URL Shorteners Must Die

URL shorteners (such as bit.ly and tinyurl) have been called the "herpes of the web". Beyond just link-rot, a public shortening service is per se an open redirect vulnerability. Their ubiquity makes them an easy vector for spammers, phishers, and cross-site forgery attacks.

Joshua Schachter writes:

With a shortening service, you're adding something that acts like a third DNS resolver, except one that is assembled out of unvetted PHP and MySQL, without the benevolent oversight of luminaries like Dan Kaminsky and St. Postel.

Luckily, you don't have to contribute to this scourge.

Drupal 7 has adopted the shortlink microformat, which adds a <head> element like so:

<link rel="shortlink" href="http://www.example.com/node/1" />

When we rebuilt our site in D7, we decided to ditch bit.ly in favor of these built-in shortlinks. However, I also felt the /node/ piece of the path was superfluous, and even strange-looking to visitors outside the Drupal community.

So, we decided to shorten them even further, removing both the "www" and /node/ from the URL. This required only a few minor changes:


Care was taken not to add the "www" prefix for these shortlinks, because doing so would result in multiple redirects (which still works, but is inefficient).

# Redirect all paths to the "www" prefix, except for /NNNN
RewriteCond %{HTTP_HOST} ^metaltoad\.com$ [NC]
RewriteCond %{REQUEST_URI} !^/\d+$
RewriteCond %{REQUEST_URI} !^/index.php
RewriteCond %{REQUEST_URI} !^/node/\d+
RewriteRule ^(.*)$ http://www.metaltoad.com/$1 [L,R=301]
# Allow short URLs of the form metaltoad.com/123
RewriteCond %{REQUEST_URI} ^/\d+$
RewriteRule ^(.*)$ index.php?q=node/$1 [L,QSA]

Redirect node/NNN to the alias

The next piece was to redirect to the actual path alias. At the time this site was built, neither the Global Redirect module nor it's successor Redirect, were deemed production-ready, so we rolled our own interim solution:

 * Implements hook_init().
function mymodule_init() {
  // Redirect node/NNN to the path alias, if available.
  // The globalredirect module isn't currently available for D7.
  if (preg_match('/^node\/\d+$/', request_path())) {
    $alias = drupal_get_path_alias();
    if ($alias != request_path()) {
      // Setting the redirect headers manually allows them to be
      // cached, which drupal_goto does not.
      drupal_add_http_header('Location', url($alias,
        array('absolute' => TRUE)));
      drupal_add_http_header('Status', '301 Moved Permanently');
      print '301 Moved Permanently';

Altering the <head> in template.php

This code was added to template.php to alter the <head> element. Since this is a renderable array in D7 it's easy!

 * Implements hook_html_head_alter().
 * Generates shorter shortlinks of the form metaltoad.com/NNN.
function metaltoad_html_head_alter(&$head_elements) {
  foreach ($head_elements as $key => $element) {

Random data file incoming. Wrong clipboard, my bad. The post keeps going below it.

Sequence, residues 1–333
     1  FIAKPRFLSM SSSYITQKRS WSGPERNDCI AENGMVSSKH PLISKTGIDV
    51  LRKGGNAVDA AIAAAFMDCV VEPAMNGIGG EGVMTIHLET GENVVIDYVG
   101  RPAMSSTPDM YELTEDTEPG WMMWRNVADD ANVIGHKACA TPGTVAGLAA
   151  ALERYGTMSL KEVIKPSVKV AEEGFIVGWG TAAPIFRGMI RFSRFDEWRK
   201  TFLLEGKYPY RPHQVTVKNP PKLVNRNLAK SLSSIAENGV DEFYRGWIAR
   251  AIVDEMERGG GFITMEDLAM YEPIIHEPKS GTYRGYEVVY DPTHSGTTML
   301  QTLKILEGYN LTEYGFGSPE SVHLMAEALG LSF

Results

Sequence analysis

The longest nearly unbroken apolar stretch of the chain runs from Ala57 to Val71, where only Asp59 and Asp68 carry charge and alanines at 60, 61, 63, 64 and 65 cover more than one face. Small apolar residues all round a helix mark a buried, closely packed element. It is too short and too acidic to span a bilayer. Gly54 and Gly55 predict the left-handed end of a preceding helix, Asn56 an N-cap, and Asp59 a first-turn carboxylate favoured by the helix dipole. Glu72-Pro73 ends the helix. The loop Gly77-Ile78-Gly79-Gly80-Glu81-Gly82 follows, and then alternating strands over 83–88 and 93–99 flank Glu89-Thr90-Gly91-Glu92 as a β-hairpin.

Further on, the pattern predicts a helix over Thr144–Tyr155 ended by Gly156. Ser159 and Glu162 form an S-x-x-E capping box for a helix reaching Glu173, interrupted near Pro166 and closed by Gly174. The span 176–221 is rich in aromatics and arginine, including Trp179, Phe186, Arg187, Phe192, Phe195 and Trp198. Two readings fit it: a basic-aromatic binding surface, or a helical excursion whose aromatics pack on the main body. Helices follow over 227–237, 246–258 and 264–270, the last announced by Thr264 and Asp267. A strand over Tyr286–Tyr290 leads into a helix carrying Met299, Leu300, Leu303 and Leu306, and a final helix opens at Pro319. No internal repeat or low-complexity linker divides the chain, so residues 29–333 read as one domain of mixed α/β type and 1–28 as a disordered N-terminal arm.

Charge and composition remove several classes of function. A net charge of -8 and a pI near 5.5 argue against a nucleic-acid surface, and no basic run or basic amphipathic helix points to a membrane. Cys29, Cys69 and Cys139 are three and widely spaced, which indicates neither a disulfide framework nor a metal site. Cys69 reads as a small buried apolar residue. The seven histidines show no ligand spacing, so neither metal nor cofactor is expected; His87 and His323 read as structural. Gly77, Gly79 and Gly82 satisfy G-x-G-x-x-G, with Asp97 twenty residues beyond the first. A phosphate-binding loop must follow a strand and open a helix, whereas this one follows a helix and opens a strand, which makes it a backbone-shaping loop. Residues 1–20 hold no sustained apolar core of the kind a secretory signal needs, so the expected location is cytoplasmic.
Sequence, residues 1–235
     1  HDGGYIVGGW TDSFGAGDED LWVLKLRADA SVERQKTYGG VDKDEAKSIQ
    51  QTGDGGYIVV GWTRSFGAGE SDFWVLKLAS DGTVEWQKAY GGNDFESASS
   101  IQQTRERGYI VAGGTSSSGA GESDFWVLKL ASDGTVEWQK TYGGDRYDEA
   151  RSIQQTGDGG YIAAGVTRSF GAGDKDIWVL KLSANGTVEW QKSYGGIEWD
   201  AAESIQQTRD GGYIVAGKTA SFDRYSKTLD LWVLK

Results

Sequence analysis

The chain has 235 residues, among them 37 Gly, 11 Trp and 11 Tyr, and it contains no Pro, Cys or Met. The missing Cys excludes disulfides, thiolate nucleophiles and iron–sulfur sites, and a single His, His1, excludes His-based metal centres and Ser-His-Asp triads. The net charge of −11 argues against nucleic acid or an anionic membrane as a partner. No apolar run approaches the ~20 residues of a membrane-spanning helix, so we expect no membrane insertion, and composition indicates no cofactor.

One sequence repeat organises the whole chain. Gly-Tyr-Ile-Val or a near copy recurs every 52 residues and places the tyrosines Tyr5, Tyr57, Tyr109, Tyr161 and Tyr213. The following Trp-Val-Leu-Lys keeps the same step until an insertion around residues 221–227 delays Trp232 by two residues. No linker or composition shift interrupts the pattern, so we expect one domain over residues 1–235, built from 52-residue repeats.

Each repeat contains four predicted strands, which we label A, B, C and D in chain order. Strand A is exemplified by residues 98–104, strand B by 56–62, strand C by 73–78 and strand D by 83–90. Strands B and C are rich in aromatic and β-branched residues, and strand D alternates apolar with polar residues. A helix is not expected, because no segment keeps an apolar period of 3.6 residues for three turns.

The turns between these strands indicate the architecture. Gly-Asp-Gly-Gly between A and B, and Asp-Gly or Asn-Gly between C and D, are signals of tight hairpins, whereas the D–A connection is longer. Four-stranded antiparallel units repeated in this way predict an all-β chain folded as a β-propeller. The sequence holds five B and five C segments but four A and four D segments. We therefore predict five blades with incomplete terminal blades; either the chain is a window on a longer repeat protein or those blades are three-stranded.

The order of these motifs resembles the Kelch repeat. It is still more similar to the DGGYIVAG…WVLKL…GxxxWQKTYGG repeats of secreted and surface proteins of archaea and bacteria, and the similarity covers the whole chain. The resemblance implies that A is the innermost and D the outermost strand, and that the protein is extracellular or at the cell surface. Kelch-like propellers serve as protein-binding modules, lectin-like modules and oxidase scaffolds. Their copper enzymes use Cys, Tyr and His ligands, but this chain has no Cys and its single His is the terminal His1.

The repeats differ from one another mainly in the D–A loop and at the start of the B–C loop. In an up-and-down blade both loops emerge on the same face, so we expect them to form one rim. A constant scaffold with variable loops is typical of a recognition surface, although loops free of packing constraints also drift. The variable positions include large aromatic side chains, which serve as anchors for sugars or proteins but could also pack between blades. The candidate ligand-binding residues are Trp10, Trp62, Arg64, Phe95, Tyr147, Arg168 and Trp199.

if (isset($element['#attributes']['rel']) &&
      $element['#attributes']['rel'] == 'shortlink') {
      $href =& $head_elements[$key]['#attributes']['href'];
      if (preg_match('/^\/node\/\d+$/', $href)) {
        $href = str_replace('/node/', '', $href);
        $href = "http://metaltoad.com/$href";


Lastly, we made sure to explicitly set $base_url in settings.php. This ensures that when the Location header set, it uses the correct domain including the "www", again avoiding inefficient multiple redirects.

$base_url = 'http://www.metaltoad.com';

Now, we have our own share-friendly links that are only a few characters longer than bit.ly!
Before: http://bit.ly/c9Vk1R
After: http://metaltoad.com/318


Certainly, google has a more sustainable business model than other failed services such as http://tr.im/ , so it's likely goo.gl links will last longer.

I'm unconvinced they can solve the security risks however. Certainly they will filter some obvious phishing and malware sites, but there's really no way to detect all possible attacks.

For example, goo.gl created redirects for the following XSRF attack links without complaint:

But the XSRF issues that you describe have little to do with shorteners. How often do you check the destination of a link by looking down at the status bar before you click it? A shortener does little to improve the success rate of an attack.

Easier still, an attacker can just get you to go to a page that has an img tag where the src is the XSRF URL.

shorturl looks excellent as well. As a matter of taste, I thought the /NNN numeric paths looked less strange than the encoded output of shorturl (which uses letters and digits). But shorturl definitely has some advantages, especially if you have a larger number of nodes.

shorturl also allows you to create redirects for any URL, even external sites - not just nodes. This isn't a feature we really needed but I can see the utility of it.

With this method your pages have 2 URLs:
A "canonical" URL, which is the big SEO friendly pathauto version
A "shortlink", which redirects to the longer canonical URLs.

Also last I checked, the [nid] token didn't really work in pathauto because the alias is generated prior to saving the node, so the nid doesn't exist yet.

I had coded the 'redirect to canonical URL feature' in redirect.module but at one point it didn't work, so I had commented it out. I went back today after reading this, tested it, and confirmed it's working again. I've also filed a patch for redirect.module to support the nid short-link redirect. http://drupal.org/node/933888

Is there any way to have input format filter that automatically shortens drupal url's? like the link filter that automatically detects links.

When using notifications and messaging with drupal, most often a long url link like http://mysite.com/drupal/sites/default/files gets broken when it arrives as an email message.

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